Report concludes subcontractor error in positioning Teflon plate caused bridge accident that led to rail rush-hour chaos
Human error was to blame for the partial collapse of a rail bridge on 28 May, according to a report published today by Transport for London (TfL).
Despite the presence of TfL inspectors on site, Bridge GE19, which forms part of the East London line extension, dropped 200mm after subcontractors, using temporary supports, made final adjustments before placing it on its permanent fixtures.
A Teflon plate was wrongly positioned between the base of the bridge and the temporary supports. It is believed that, as the bridge cooled, the change in temperature resulted in its contraction by two or three millimetres. This led to a movement that caused the temporary supports to be ejected from their position and resulted in the east end of the bridge dropping onto its permanent fixtures.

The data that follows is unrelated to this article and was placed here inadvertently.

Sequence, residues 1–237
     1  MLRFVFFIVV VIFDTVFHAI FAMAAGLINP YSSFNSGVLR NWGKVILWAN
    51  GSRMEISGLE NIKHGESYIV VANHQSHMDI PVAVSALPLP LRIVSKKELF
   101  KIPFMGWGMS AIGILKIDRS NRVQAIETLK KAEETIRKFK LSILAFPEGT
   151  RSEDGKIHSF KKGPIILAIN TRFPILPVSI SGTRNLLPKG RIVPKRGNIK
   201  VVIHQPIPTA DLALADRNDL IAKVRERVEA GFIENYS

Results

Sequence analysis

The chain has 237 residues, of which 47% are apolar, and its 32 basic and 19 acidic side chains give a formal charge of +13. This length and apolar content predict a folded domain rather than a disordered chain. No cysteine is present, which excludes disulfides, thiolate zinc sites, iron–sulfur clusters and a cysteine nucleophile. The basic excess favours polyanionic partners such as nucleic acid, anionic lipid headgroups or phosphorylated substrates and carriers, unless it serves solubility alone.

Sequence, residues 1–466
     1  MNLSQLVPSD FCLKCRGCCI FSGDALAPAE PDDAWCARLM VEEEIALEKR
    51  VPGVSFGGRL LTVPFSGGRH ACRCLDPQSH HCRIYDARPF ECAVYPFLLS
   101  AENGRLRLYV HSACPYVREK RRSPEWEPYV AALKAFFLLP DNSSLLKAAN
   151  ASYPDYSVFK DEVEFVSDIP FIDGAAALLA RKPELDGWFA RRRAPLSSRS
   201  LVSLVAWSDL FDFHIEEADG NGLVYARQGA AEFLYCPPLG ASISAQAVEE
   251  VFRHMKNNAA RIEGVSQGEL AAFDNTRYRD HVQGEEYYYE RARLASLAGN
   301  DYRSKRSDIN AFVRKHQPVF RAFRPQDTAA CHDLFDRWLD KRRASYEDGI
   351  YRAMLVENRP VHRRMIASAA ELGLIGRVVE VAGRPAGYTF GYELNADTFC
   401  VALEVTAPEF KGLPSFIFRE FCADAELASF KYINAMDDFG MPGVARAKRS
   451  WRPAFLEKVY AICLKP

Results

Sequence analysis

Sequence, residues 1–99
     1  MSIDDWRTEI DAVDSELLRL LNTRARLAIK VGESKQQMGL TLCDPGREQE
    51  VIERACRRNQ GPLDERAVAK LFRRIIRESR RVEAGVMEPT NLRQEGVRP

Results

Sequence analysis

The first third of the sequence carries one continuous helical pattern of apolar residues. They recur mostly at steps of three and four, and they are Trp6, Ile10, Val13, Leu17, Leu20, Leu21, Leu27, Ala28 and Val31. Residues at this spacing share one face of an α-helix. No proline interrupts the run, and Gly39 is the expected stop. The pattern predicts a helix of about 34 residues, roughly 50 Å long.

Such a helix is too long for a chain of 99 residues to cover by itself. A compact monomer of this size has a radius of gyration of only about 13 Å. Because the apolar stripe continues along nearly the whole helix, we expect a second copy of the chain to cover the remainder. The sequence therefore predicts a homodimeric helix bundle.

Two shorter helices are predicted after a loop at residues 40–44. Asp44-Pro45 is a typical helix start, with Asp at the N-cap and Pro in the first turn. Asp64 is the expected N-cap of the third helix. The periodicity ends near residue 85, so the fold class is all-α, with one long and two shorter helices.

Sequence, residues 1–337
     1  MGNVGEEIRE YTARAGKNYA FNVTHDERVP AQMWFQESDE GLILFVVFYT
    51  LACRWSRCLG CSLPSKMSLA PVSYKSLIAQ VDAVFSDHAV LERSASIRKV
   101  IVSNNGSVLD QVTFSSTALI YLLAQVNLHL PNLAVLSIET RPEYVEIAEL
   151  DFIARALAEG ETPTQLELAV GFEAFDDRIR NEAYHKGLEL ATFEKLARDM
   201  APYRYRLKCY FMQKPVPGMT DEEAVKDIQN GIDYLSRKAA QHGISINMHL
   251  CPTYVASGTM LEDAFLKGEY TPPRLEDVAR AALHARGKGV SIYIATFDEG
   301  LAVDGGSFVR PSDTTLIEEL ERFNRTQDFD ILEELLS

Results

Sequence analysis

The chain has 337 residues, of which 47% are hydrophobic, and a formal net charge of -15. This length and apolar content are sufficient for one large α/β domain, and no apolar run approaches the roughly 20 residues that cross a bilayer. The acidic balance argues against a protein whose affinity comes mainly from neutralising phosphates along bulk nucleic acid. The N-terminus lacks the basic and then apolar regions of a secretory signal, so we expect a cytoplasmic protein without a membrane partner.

Five pieces of concrete decking fell onto rail lines, causing services into Liverpool Street station to be suspended.
TfL London Rail's director of safety, Martin Brown, said: “It was a unique event that we want to ensure cannot be repeated on any other bridge installation.”
The working methods of the subcontractors were not cleared with the TfL project engineers or the site's principal contractor, a Balfour Beatty/Carillion joint venture.
“The positioning of the Teflon pad was a human error,” said Mr Brown. He admitted: “the procedures we have should have stopped this error occurring. There is a collective responsibility for ourselves and our contractors to ensure these procedures work.”
Two other East London line bridges put in place around the same time have been checked and no problems have been found.
The East London line extension is due for completion in June 2010. The bridge will carry London overground trains over the six tracks leading out of Liverpool Street.